The two will debate in a town hall format tonight. (Photo : Reuters)
Tonight will be the second presidential debate of the season. It will be presented in a town hall setting in Hempstead, N.Y. The election is only 14 days away, so this is a critical moment for both candidates to prove themselves and show they can appeal to the common voter. Here's a list of what's expected to take place during tonight's second to last debate.
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1. Obama's performance
President Barack Obama's first debate didn't fare so well with public. Mitt Romney was the clear "winner." Obama's mission will be to compensate for his lackluster performance. Critics and the public alike all predicted the commander-in-chief would come out as victor during the debate two weeks, but some said he was "too polite" and "easy-going."
ABC News said Obama is also likely to come armed with some "zingers" this time around.
"The new strategy is clearly aimed at reassuring Democratic voters of his passion for the job and willingness to fight for the values that helped get him there."
2. An empathetic Romney
Throughout his campaign, Romney has had struggles with relating to the "average American." He has been criticized for "being too rich," and only pandering to the wealthy. This second debate is a chance for him to reach out to the middle and lower class voters. A recent ABC/Washington Post poll said Obama fares better understanding economic problems. The poll also showed that Obama was more friendly and likeable, honest and trustworthy.
Romney will have to prove that he has what it takes to be "one of you." Analysts say Romney should have no problem with that as he has attended 23 town hall meetings compared to Obama's one.
3. Obama calling out Romney
USA Today said during the first debate that Obama surprised viewers by not bringing up Romney's comment saying 47 percent of Americans are "victims" who rely on government support and Romney's record running Bain Capital. Obama is expected to confront Romney on these issues tonight.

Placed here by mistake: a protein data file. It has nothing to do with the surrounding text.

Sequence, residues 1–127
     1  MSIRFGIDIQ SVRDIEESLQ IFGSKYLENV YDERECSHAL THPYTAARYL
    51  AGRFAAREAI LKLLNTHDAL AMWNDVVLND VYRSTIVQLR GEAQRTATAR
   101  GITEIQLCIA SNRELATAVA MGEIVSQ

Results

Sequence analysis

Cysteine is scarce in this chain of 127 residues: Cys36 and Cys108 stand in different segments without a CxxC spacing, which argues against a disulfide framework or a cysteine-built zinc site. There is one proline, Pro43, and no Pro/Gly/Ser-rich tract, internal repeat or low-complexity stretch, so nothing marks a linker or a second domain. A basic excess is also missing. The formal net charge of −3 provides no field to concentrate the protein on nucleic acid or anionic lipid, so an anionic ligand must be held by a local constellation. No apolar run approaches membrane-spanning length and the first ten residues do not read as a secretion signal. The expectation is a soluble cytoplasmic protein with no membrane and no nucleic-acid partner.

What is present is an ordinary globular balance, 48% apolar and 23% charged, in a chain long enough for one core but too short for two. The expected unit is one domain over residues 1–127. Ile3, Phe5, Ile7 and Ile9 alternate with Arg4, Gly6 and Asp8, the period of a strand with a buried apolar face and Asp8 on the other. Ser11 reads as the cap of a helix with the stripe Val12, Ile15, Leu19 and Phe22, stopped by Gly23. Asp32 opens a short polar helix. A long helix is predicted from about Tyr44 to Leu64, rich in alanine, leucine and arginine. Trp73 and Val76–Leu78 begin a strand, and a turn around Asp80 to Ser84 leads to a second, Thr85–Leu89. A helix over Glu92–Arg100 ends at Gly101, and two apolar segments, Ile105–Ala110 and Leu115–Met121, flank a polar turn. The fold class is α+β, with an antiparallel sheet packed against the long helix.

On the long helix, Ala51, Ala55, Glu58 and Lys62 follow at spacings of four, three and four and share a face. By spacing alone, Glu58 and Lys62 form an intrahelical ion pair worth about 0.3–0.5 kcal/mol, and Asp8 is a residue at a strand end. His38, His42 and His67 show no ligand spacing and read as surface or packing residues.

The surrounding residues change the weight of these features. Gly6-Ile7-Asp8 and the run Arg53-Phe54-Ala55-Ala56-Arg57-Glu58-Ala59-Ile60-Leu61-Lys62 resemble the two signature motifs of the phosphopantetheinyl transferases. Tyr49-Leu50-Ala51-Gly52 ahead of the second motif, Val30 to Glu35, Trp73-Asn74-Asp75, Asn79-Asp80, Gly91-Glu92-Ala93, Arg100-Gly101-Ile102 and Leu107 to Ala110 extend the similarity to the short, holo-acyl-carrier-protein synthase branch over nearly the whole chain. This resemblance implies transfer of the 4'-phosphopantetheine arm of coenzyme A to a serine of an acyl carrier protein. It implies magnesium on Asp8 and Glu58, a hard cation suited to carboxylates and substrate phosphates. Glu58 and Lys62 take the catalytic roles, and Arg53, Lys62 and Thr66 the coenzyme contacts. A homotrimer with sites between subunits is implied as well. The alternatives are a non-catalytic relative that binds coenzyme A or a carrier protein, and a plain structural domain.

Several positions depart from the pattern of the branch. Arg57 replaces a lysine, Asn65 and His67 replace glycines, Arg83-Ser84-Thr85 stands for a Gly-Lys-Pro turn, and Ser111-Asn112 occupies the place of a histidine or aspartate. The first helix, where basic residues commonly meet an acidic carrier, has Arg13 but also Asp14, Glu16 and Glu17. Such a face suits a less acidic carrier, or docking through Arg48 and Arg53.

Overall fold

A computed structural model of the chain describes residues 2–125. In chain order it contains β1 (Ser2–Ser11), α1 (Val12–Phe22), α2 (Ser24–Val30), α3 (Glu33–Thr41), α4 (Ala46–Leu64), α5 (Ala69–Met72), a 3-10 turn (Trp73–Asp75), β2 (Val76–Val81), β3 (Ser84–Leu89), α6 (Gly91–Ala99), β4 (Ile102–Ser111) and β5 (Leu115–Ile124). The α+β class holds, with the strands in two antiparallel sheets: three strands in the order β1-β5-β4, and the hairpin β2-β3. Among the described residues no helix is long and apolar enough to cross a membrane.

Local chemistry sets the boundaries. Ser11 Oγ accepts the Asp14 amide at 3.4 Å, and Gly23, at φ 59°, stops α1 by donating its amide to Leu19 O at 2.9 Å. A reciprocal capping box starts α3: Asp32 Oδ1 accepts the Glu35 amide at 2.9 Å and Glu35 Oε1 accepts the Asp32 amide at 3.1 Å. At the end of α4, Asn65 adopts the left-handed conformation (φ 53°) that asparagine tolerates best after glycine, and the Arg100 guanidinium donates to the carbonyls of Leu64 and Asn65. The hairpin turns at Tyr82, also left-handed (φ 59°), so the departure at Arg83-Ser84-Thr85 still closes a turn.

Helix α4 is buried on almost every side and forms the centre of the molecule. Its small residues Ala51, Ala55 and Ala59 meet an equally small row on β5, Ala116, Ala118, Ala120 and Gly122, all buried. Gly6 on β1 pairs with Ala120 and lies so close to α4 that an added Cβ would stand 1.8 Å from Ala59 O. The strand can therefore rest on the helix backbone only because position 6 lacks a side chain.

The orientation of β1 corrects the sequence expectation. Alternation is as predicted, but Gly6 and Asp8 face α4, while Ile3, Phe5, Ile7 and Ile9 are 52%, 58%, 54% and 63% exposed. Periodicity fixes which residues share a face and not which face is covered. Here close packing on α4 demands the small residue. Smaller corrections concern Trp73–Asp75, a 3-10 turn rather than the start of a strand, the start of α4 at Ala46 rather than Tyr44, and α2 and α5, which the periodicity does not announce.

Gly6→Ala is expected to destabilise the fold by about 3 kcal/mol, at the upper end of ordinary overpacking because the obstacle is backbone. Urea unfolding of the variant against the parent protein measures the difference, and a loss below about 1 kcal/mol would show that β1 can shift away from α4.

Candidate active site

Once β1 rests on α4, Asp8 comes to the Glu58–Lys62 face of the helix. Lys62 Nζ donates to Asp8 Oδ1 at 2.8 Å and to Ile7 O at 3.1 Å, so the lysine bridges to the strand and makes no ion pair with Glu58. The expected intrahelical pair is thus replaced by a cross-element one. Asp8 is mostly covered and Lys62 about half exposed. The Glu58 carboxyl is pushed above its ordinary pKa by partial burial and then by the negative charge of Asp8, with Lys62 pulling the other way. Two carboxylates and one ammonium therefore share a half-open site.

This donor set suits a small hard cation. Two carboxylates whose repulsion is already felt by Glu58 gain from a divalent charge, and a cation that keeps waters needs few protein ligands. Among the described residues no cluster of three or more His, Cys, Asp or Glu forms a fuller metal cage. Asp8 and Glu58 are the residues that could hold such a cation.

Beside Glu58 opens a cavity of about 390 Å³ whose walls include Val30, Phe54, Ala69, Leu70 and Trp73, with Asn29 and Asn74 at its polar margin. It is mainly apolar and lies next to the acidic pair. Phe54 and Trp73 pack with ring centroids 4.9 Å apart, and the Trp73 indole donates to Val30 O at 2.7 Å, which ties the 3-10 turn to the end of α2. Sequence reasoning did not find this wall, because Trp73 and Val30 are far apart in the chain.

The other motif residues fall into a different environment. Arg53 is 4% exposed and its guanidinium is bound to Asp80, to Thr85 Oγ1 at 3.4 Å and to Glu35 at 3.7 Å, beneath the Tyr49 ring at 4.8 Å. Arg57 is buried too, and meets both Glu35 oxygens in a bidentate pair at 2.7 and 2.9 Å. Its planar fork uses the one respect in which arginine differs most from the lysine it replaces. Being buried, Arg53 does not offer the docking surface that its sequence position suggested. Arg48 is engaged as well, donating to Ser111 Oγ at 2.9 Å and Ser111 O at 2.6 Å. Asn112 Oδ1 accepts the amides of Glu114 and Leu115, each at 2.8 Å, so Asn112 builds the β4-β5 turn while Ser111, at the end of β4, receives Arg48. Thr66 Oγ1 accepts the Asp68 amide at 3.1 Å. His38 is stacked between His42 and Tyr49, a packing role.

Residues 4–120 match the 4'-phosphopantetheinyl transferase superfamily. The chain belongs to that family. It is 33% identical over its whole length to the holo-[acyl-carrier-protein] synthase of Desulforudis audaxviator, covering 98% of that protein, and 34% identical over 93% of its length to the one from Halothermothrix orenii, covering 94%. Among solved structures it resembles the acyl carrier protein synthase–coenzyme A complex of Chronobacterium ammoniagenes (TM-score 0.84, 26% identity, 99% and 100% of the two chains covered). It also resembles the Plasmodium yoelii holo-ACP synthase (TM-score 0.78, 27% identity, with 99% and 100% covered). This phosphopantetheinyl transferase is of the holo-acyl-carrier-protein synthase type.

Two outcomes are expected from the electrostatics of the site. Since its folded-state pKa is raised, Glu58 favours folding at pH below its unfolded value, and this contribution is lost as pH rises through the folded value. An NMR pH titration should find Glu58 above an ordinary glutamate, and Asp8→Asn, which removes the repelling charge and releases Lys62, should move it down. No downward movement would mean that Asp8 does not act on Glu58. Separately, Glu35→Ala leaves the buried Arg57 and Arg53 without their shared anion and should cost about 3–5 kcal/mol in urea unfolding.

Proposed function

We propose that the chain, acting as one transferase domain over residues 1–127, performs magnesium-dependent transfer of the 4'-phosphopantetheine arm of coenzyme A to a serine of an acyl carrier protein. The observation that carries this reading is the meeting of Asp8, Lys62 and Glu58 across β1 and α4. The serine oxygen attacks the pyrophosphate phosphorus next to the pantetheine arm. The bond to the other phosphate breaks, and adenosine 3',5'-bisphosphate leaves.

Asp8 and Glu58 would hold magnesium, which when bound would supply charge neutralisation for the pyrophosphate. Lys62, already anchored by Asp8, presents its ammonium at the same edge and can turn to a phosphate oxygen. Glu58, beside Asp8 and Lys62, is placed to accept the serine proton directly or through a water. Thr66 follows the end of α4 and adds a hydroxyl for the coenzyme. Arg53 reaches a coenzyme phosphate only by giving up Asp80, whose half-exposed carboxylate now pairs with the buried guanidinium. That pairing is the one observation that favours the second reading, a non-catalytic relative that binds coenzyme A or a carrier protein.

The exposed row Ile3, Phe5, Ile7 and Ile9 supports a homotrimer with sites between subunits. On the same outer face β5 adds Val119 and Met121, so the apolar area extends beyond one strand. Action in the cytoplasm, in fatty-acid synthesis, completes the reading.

4. Female voters
A slew of Hollywood actresses have made commercials criticizing Romney on his stance on women's rights including abortion. Scarlett Johansson, Eva Longoria and Kerry Washington made a political ad for MoveOn.org, which condemned the candidate for his stances on the controversial issue. There's no doubt that Romney will have to face this issue tonight with ease and caution.
5. Body Language
Unlike the first debate, Romney and Obama will sit in chairs and use microphones rather than stand behind a podium.
"Their bodies will be in full view during Q&A creating the opportunity for viewers to study their posture, mannerisms and body language for presidential poise as they answer questions and while listening to their opponent," ABC News said.
The article said in the first debate, Romney looked at Obama expressionless during his responses, and was praised for his disciplined behavior, while Obama carelessly looked down at his podium when Romney spoke. The Obama campaign said the President will be lively and energetic and the Romney campaign said he will be himself.
The debate will air at 9 p.m. EDT on all major news networks.